Line 66:                 @Html.ValidationMessageFor(model => model.noOfDays, "", new { @class = "text-danger" })
Line 67:             </div>

Source File:   Line: 65 
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1  
Please, do not follow the instructions to just create a calculated property. Perform the calculation in your controller and put the result in a view model property just to hold the information previously calculated. –  gustavodidomenico Jul 3 at 19:27

4 Answers 4

up vote 0 down vote accepted

Try creating a property on your model (this is assuming you are using a typed model, not a dynamic one):

public int Days
{
    get {

        QuoteApp.Models.Quote ts = new QuoteApp.Models.Quote();
        ts.StartDate = StartDate;
        ts.EndDate = EndDate;

        int days;
        days = (EndDate.Day - StartDate.Day);
        return days;
    }
}

Usage:

@Html.EditorFor(model => model.Days, new { htmlAttributes = new { @class = "form-control", disabled = "disabled"} })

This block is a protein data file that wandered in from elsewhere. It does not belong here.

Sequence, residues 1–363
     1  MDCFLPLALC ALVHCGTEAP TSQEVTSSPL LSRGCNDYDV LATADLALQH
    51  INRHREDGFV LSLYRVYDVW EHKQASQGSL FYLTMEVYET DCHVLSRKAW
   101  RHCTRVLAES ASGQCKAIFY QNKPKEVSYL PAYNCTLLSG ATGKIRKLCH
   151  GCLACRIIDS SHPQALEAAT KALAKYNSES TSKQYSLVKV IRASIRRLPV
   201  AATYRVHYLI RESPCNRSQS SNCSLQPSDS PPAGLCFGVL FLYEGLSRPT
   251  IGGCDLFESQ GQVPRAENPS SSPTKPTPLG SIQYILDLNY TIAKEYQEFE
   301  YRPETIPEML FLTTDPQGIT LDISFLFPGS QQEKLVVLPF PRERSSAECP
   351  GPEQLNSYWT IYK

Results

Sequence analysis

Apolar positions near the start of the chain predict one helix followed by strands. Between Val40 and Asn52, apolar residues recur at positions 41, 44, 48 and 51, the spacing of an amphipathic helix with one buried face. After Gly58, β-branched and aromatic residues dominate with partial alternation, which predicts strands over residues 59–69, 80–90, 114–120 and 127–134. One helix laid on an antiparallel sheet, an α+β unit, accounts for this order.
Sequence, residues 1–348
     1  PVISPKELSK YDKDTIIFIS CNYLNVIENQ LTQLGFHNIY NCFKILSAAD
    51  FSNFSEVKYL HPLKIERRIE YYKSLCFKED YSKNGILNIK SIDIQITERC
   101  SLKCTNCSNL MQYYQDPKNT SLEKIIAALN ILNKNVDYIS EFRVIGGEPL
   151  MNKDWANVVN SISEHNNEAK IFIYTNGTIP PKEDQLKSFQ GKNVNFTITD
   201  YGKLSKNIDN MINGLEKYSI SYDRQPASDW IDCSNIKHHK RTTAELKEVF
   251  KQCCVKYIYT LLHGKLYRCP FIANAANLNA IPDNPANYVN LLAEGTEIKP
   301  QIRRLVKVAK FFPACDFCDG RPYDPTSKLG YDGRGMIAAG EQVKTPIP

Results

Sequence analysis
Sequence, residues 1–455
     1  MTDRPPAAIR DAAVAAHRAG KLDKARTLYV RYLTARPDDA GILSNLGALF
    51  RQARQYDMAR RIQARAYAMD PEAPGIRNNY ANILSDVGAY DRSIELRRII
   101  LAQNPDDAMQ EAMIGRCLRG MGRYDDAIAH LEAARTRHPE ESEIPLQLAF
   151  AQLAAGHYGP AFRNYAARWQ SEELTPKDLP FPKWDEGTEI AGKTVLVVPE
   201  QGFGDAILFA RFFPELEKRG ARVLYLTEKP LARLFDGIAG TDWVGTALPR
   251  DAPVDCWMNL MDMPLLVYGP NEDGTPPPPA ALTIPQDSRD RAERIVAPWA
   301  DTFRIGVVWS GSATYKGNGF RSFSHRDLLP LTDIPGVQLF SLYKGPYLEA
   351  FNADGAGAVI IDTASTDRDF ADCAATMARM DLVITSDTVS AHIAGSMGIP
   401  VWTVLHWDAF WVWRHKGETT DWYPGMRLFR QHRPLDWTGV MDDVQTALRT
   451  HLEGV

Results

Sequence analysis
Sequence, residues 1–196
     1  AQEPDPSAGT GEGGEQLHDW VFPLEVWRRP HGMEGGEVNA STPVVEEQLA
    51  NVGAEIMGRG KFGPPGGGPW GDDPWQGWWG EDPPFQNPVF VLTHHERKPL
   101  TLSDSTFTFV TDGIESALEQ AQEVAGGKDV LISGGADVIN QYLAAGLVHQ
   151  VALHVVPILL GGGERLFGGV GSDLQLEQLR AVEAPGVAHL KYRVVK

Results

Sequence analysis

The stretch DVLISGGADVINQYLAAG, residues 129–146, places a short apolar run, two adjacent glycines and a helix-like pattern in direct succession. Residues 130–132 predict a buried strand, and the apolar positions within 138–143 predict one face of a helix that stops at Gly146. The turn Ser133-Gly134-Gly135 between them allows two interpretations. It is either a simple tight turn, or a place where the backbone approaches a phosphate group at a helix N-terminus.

I'm not sure if EditorFor will work quite right with a readonly property or not, but it looks like you are just using it for display or some other purpose anyway?

Also, I'm not sure what you are using the Quote object for, since it doesn't appear you are doing anything with it other than creating it, so this could be possibly simplified into:

public int Days
{
    get {
        return EndDate.Day - StartDate.Day;
    }
}
share|improve this answer
1  
thanks alot man. This wis what i went with. –  user2610863 Jul 3 at 19:56

Add the Days property to your view model and store the result of the DaysCalc on it.

Then you can use it like:

@Html.EditorFor(model =>model.Days, new { htmlAttributes = new { @class = "form-control", disabled = "disabled"} })